The Shared Security Weekly Blaze – Facebook’s Privacy Firestorm, MyFitnessPal Data Breach, Ramifications of CLOUD and FOSTA

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This is the Shared Security Weekly Blaze for April 2, 2018 sponsored by Security Perspectives – Your Source for Tailored Security Awareness Training and Assessment Solutions and Silent Pocket.  This episode was hosted by Tom Eston.

Show Transcript
This is your Shared Security Weekly Blaze for April 2nd 2018 with your host, Tom Eston.

In this week’s episode: Facebook’s Privacy Firestorm, the MyFitnessPal Data Breach and Ramifications of the CLOUD and FOSTA Bills

The Shared Security Podcast is sponsored by Silent Pocket. With their patented Faraday cage product line of phone cases, wallets and bags you can block all wireless signals which will make your devices instantly untrackable, unhackable and undetectable. Visit silent-pocket.com for more details.

Hi everyone, I’m Tom Eston, Co-host of the Shared Security podcast. Welcome to the Shared Security Weekly Blaze where we update you on the top 3 security and privacy topics from the week. These weekly podcasts are published every Monday and are 15 minutes or less quickly giving you “news that you can use”.

Shout outs this week to @Yohun, @zroone, @StrongArmSecure, and @CamilleEsq on Twitter as well as @vanishedvpn and @newcybersource on Instagram and Lou, Shawn, Jun, and Andrew on Facebook for commenting, liking and sharing our posts on social media. Thank you for your support of the show!

Since the news broke about Facebook and the Cambridge Analytica controversy the other week, there has been a firestorm of information coming out about Facebook’s data harvesting practices as well as new tools and information about Facebook’s privacy settings which are in response to Facebook’s recent privacy challenges. For example, Mozilla the creator of the Firefox web browser released a new browser extension called “Facebook Container” which lets you isolate your Facebook activity to just Facebook.com which will limit the amount of tracking that Facebook can do while you browse the web. Keep in mind, when using a browser extension like this any sites that you “sign-in” using Facebook will no longer work.

In other Facebook news, details also came out about Facebook collecting phone call metadata from Android phones that have the Facebook mobile app installed. This data included names, phone numbers and the length of each call made or received on the device. This access is given during the installation of the Facebook app which asks for permission to read contacts off of the device. The reason Facebook does this is so your contact data can be used to find and match more Facebook friends for you. Apparently older versions of Android allowed access to call and message logs in addition to contacts on your device. The issue has been fixed in newer versions of Android but if you had the Facebook app installed before these updates were made, the Facebook app would still be able to access this data. It’s important to note that Apple iOS has never allowed apps to access call logs and other call data. So if you have an Apple iOS device, you’re safe…for now. Check out our show notes for instructions on how to remove these permissions if you have the Facebook app installed on your Android device.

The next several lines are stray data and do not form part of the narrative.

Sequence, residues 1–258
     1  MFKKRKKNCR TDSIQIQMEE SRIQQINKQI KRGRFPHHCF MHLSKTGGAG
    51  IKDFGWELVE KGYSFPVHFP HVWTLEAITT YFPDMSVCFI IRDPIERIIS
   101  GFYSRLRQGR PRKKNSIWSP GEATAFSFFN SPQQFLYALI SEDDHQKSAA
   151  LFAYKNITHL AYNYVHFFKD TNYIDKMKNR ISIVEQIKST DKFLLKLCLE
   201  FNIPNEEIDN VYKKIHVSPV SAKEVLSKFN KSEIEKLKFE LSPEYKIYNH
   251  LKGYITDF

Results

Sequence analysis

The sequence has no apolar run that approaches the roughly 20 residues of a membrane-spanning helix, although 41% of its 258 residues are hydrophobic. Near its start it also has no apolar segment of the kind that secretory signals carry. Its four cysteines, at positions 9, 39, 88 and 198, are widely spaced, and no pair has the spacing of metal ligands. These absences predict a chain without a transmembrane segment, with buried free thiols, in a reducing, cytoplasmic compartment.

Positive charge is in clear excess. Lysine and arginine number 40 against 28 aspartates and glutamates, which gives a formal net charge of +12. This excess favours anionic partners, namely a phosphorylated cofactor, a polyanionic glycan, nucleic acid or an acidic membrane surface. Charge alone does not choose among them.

Given all the news about Facebook recently, and where your data may have been collected, you may be thinking it’s time to re-evaluate your use of Facebook and to ponder on the reasons why you may or may not want to continue using the social network. One tip we have to share is that you do have the ability to download all the data that Facebook has about you so you can see for yourself what information has been collected. See our show notes for details on how you can do this but you may be surprised to see all the data that Facebook has collected about you, especially if you’ve been a long time user of Facebook.

In other breaking news this past week, Under Armour announced that their app MyFitnessPal was breached sometime in February of this year. This breach affects 150 million user accounts making it the second largest data breach of consumer data in U.S. history right behind the infamous Yahoo data breach which happened in 2016.  The information compromised included usernames, email addresses and hashed passwords. While details about how the breach happened have not been released there are a few good things to mention. First, in the breach disclosure Under Armour mentioned that bcrypt was used as the hashing function for storing passwords. Bcrypt is a much more secure method of storing passwords so depending on how bcrypt was implemented it will be very difficult for an attacker to find out users passwords. Second, Under Armour announced the breach very quickly which is far different than other similar breaches we’ve seen like the Equifax breach last year.

So what should you do if you’re a user of the MyFitnessPal app? First, change your password by going to the MyFitnessPal website. Hopefully, you’ve taken our advice from previous podcast episodes and are not using that same password on other sites and apps. If you are, you’ll need to change those passwords as well. Second, be on the lookout for phishing emails related to the breach. Whenever there are emails, names and other personal details exposed in a data breach like this one, there is always in increase in phishing emails. Be aware and always, think before you click or don’t click on anything in an email at all.